When people think about publishing, they tend to think about content, and assume that the technology challenges in publishing are about transferring the printed page to screen. For many consumer publishing businesses such as newspapers, magazines and trade books this is mostly true, but in science and education publishing the challenges are much greater as we are increasingly in the software business.
As well as creating and selling high quality educational content in books, eBooks and online, we sell online tools and services that help teachers and students be more effective. This includes helping them administer large classes, curate their own courses, setting and marking homework, identifying and correcting misconceptions. In science and academic research publishing, the traditional journal is already mostly read online, and our big challenge is much more than managing web sites, it is about inventing and building the software services that surround the research article that help scientists work more efficiently. For example, helping them manage the interconnections between papers, researchers and institutions, find and explore data sets, and stay up to date without being swamped with information. The competitive landscape is about the software as much as the content, so that technology, which used to be a back office function is now front and centre of our strategy.
A lot of these services are new and have to be invented. At Macmillan Science and Education we are continually experimenting with ideas to help our customers and then growing and nurturing those ideas to bring them to life in a commercial environment. The key to having world class technology is not software or hardware, it's people: their skills and creativity and their determination to succeed. That's why we're always looking to find great people in technology to help drive growth and innovation. So if you are looking for a job in technology, this is a great place to be.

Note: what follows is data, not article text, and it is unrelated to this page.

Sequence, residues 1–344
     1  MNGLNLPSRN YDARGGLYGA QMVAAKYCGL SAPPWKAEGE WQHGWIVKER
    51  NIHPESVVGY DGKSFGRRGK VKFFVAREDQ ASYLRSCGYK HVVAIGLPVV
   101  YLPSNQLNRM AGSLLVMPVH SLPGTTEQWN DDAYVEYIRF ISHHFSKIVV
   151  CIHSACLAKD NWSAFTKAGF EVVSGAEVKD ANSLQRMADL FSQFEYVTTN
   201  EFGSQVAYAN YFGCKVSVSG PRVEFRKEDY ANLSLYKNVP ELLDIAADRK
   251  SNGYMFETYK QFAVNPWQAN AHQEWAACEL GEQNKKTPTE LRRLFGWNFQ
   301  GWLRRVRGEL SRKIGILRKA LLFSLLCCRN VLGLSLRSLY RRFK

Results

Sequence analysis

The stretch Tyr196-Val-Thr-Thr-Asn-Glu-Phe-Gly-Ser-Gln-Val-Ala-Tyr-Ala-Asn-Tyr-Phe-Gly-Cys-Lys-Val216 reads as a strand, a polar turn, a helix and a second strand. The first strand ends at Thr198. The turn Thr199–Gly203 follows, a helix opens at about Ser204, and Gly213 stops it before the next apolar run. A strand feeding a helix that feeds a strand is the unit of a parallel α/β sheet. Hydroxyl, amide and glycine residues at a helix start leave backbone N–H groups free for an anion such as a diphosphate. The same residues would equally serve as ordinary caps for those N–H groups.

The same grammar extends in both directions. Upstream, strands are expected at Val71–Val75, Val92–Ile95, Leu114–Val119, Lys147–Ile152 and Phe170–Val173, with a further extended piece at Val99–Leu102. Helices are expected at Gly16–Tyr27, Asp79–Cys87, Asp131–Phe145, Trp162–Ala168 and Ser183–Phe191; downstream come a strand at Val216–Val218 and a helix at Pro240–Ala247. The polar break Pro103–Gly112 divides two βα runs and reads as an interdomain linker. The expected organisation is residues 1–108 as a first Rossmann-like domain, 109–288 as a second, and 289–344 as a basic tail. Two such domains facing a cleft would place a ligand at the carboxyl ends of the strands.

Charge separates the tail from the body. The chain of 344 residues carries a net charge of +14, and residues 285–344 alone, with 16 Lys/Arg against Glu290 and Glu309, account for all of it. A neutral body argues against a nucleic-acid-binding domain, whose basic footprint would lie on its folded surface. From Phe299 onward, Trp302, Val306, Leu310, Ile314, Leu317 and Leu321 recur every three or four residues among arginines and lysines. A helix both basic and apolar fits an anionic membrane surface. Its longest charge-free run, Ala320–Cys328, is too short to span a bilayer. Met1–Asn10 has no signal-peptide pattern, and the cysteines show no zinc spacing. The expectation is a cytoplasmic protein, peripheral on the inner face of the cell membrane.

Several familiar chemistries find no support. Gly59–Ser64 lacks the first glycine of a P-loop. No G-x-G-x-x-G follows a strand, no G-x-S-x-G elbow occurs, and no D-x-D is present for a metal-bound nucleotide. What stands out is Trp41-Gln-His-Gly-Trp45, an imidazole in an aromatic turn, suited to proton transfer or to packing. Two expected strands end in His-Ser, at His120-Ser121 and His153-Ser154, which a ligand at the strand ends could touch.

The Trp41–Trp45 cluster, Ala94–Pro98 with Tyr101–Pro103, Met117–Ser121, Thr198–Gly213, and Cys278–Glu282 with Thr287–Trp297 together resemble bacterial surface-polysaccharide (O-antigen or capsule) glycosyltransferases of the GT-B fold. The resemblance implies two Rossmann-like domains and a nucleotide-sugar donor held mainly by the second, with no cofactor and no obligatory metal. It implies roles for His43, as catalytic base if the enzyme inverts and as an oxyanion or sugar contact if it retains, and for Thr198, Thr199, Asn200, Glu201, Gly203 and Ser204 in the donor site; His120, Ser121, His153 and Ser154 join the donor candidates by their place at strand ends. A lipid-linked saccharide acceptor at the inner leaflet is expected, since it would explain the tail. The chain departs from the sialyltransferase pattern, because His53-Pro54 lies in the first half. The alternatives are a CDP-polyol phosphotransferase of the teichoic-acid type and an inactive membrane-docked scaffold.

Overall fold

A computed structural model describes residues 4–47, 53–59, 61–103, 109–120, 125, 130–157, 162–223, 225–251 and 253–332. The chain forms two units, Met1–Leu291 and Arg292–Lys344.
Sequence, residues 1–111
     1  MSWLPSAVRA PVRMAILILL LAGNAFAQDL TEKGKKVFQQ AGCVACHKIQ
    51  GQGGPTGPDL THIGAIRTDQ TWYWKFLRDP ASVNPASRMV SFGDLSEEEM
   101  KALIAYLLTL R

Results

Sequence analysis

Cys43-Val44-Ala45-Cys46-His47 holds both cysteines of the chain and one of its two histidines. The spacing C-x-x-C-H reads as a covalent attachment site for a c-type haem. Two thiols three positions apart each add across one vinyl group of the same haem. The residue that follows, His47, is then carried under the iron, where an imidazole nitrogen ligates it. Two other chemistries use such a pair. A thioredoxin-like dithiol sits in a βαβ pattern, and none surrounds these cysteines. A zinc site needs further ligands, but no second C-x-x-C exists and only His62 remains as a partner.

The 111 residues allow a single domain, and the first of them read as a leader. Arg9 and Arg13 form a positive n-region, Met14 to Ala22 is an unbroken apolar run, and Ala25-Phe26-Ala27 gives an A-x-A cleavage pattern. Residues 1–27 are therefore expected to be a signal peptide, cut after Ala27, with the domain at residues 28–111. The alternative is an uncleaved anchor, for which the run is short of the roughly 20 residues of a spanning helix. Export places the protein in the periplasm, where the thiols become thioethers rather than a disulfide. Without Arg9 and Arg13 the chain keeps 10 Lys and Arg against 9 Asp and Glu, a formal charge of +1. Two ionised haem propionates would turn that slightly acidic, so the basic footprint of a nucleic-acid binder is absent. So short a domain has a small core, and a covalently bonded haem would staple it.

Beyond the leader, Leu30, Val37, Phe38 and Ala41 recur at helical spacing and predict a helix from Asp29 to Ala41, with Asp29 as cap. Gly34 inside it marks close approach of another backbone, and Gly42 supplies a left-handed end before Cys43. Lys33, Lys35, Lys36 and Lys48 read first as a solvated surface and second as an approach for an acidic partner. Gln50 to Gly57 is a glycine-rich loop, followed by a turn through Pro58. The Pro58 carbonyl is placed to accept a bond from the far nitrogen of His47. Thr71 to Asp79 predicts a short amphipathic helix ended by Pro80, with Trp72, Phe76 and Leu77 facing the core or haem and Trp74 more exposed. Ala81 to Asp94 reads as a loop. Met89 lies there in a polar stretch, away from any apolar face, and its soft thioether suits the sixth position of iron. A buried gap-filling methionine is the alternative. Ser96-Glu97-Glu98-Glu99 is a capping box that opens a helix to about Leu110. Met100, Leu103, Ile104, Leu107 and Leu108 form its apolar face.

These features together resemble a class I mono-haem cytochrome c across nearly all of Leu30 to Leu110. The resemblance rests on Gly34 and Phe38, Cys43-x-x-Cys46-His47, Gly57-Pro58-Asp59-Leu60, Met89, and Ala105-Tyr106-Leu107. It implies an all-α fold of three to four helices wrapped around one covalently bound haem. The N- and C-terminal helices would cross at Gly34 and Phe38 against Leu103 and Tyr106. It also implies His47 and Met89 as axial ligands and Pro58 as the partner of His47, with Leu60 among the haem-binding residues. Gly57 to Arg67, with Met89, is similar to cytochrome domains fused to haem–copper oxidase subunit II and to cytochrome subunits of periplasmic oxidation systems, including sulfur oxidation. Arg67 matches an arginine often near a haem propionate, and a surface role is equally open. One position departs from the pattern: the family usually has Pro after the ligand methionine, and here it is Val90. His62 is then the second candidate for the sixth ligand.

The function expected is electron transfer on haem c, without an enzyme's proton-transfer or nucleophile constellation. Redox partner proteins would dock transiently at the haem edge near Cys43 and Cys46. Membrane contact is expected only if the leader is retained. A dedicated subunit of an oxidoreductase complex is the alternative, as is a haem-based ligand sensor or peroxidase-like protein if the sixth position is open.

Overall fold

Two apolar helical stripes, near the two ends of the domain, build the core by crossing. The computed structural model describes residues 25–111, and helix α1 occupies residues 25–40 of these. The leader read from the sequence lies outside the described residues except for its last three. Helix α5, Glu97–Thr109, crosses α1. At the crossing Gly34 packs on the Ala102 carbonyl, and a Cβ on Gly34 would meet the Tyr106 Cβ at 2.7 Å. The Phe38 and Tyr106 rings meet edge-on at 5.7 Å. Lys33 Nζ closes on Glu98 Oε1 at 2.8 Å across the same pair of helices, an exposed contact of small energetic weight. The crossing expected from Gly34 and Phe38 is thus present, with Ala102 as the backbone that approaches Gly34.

Where do you start? The first thing to realise is that technology covers a diverse range of jobs. People often think first about software developers, but building good software also requires project management, business analysis and product design. And you don't need to be a developer to do one of these roles. Most importantly, I'd say find a role that you enjoy rather than the one you think will pay best or seems coolest. For example if you like organising people into a team, putting a plan together and managing them to achieve a goal then you are probably going to be a good project manager. If you enjoy it, you will be good at it and success will follow.
Academic qualifications are less important than in many other fields. As an employer I am more interested in your skills, experience and the way you approach problems, than if you have a university degree. So be prepared to talk about projects or products that you have worked on in the past. For software development roles, some employers will ask you to do a test, so don't try to bluff your abilities in a software development language or technology that you don't really know.
Most technology firms will now be using Agile development methods. It would be good to find out about these methods and become familiar with the terminology. Building software products has become a much more formal process than it was 10 years ago, and so an understanding of this process and the tools that typically support it are really useful.
The stereotype of monosyllabic antisocial geeks is false. Almost all employers will need you to work in a development team and be able to communicate with non-technical colleagues. So be prepared to talk about and demonstrate your team working and communications abilities.
Without exception good technology staff are creative people. All aspects of building software require problem solving, exploring multiple approaches and often finding brilliant and unexpected solutions. If you can show creativity while also demonstrating skills and experience you will be in a strong position.